Are you trying to build your resume by working a summer job? Trying to take a trip with friends and see the world? Just trying to take advantage of some new laws and unwind? Whatever your summer plans are, make sure they don’t get ruined by these 5 legislative nightmares!
I’ve tried to describe each situation with enough detail for you to get the whole picture, but if you’re feeling lazy and just want to read the bold print that works as well. And I’ve included a bunch of links throughout the text for those of you who want a deeper dive.
- Smoking weed in Colorado will still get you in trouble with the feds. Even though Colorado (along with Washington) legalized cannabis last year, the states are still subject to federal authority when it comes to controlled substances. I’m not a constitutional lawyer, but the legal opinions I’ve read have all said the same thing – local police can’t get you for drug-related offenses, but the DEA and other federal agencies still can. Also, growers still remain prime targets, according to Drug Czar Gil Kerlikowske, even if they have a license from their states. That’s because the federal government still considers marijuana a Schedule I controlled substance and will use all resources at its disposal to prevent its use. With that in mind, you may want to postpone your trip to the Mile High City until next year.
- New fracking regulations might mean you’ll pay more for gas. Fracking (hydraulic fracturing) is a new method of extracting natural gas from shale rock 6,500 feet below the ground. It’s led to more efficient gas extraction from subterranean oil and gas deposits, cheapening natural gas against traditional energy rivals like petroleum while increasing the oil supply. Predictably, oil prices are sagging under downward pressure from fracking operations, but Congress is poised to intervene. California is already trying to ban fracking until a years-long study can be conducted, and Reps. Jared Polis and Matt Cartwright just introduced bills that would add new air and water regulations to wells. Any legislation that raises the price of fracking will up the price of crude oil, which may cause gas prices to rise. Anyone planning a drive down to Florida this summer might want to take a look at how that impacts their travel budget.
- You’ll have to start paying sales tax on things you buy on the internet. “What? Don’t I already have pay sales tax for the stuff I buy on eBay?” Actually, you probably don’t. But you will soon – a bill currently before the Senate will require online retailers that do more than $1 million in sales outside of their home states to collect sales tax for online purchases. Sales tax varies by state, but the national average was 9.6% last year. If you plan on buying anything online between now and August, that’s money right out of your pocket – and if you plan on starting some kind of online business, these new regulations could ruin your business model.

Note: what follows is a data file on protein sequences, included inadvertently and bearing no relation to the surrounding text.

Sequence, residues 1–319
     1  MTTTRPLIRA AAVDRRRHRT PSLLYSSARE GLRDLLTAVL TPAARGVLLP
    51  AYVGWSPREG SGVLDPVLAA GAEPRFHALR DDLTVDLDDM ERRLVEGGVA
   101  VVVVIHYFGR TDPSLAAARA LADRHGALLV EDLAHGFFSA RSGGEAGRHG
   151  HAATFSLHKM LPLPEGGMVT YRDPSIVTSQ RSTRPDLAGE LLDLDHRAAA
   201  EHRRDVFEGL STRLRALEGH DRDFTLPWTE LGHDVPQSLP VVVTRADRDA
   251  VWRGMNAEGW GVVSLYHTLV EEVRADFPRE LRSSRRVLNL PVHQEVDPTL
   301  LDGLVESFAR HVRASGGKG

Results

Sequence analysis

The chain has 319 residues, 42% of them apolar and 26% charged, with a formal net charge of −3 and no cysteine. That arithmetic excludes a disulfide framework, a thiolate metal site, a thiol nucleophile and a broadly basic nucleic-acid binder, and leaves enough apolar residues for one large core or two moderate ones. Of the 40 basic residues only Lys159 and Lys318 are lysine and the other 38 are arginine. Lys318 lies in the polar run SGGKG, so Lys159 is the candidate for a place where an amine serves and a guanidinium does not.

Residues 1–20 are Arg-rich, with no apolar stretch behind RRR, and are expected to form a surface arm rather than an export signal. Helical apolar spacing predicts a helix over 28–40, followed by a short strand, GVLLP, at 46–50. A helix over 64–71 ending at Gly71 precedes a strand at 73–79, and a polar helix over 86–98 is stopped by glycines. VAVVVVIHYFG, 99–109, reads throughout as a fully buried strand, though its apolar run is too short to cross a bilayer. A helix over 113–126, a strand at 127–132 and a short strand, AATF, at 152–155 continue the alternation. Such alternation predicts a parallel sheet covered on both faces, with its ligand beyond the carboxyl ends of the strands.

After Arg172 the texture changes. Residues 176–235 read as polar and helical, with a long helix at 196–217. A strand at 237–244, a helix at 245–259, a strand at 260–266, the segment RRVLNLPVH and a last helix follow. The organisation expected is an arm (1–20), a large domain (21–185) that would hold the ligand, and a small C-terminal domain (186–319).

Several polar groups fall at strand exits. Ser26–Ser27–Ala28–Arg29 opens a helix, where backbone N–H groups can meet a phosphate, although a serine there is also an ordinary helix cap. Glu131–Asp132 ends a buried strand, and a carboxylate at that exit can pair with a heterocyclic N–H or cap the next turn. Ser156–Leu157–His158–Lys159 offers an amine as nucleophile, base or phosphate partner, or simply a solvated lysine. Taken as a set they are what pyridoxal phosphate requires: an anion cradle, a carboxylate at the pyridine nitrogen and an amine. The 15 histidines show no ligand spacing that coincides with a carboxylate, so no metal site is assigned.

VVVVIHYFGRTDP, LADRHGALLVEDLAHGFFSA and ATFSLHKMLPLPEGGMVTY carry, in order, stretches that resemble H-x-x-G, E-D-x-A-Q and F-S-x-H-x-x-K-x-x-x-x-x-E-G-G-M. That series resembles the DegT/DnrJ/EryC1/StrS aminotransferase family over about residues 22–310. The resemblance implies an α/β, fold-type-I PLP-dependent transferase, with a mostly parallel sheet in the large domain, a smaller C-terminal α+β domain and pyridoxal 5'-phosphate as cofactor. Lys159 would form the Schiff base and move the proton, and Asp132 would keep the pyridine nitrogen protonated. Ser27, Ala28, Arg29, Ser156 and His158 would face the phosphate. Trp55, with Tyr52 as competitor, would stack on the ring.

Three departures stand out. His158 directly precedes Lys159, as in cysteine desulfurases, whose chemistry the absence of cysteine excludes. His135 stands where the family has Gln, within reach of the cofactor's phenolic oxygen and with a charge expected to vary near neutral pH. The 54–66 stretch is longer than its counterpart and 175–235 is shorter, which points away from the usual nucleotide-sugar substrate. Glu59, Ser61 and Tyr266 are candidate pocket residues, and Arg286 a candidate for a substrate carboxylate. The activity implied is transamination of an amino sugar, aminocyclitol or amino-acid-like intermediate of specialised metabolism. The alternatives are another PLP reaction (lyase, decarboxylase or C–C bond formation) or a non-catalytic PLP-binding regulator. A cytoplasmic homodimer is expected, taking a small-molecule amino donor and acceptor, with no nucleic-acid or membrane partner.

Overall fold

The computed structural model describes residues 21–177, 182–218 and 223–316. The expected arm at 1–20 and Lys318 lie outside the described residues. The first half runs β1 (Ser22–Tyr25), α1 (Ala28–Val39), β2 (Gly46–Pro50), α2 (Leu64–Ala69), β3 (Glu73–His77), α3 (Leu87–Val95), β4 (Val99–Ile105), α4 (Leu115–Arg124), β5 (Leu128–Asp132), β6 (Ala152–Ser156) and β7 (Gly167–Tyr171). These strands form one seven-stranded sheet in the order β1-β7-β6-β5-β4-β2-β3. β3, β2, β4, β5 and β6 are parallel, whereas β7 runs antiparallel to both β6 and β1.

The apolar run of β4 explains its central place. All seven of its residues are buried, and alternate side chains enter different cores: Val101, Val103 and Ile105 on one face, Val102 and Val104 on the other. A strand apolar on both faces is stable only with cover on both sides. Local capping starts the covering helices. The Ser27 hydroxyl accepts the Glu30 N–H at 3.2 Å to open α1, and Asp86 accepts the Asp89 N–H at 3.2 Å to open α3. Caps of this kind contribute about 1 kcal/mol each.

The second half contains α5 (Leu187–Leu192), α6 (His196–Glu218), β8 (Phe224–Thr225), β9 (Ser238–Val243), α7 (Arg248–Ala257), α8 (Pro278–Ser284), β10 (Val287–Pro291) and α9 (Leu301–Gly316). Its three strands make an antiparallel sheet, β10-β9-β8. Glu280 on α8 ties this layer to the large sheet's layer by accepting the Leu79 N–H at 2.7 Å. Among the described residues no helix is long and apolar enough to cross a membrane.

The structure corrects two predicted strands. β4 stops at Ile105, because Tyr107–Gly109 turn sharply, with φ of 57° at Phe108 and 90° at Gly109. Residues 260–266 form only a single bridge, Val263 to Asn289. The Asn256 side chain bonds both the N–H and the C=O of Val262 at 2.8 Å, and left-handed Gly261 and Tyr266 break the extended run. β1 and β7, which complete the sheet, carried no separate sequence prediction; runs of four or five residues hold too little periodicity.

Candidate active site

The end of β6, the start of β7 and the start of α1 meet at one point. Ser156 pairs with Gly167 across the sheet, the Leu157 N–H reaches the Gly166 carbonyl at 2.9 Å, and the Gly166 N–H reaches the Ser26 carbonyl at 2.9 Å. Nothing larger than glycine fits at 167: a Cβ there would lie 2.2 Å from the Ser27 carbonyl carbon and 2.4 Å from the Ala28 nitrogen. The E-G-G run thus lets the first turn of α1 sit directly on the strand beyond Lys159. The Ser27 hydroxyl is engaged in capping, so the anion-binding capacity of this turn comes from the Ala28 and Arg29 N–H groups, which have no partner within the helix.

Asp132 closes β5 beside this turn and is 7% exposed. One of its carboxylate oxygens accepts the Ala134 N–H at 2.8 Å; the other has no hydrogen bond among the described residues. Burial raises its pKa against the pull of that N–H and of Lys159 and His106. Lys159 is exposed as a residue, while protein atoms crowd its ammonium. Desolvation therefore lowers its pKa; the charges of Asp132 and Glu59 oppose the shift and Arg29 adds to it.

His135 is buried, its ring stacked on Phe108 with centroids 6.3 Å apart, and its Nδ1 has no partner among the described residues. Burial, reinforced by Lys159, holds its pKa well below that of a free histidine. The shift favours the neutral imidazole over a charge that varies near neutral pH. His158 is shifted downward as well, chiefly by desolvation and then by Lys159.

- Congress hasn’t written a single bill to reduce youth unemployment. The overall U.S. unemployment rate is 7.6% – but for the under-25 crowd, that number is nearly three times as high. Analysis by economists at the Wall Street Journal puts youth unemployment at 22.9%, which is on par with national unemployment in financially wrecked countries like Greece. You probably don’t care about that – you just want to know what’s being done here to bring our jobless rate down. I’m sorry to say the answer is “not much.” I did a search of the congressional legislation archives and surprisingly found no bills under current consideration. That means that until the market finally corrects itself, you may have to settle for another summer of mowing lawns and babysitting.
Obviously there are more than four ways you could get screwed over by stories unfolding on the national or state level between now and next semester, which is exactly why you should be paying attention to what’s going on inside the Capitol and Statehouse. As always, DYNAMO_politics is happy to be your source for straightforward coverage, commentary and analysis to make it all make sense. So on that note, leave any questions or thoughts in the comments! We love to hear what you have to say.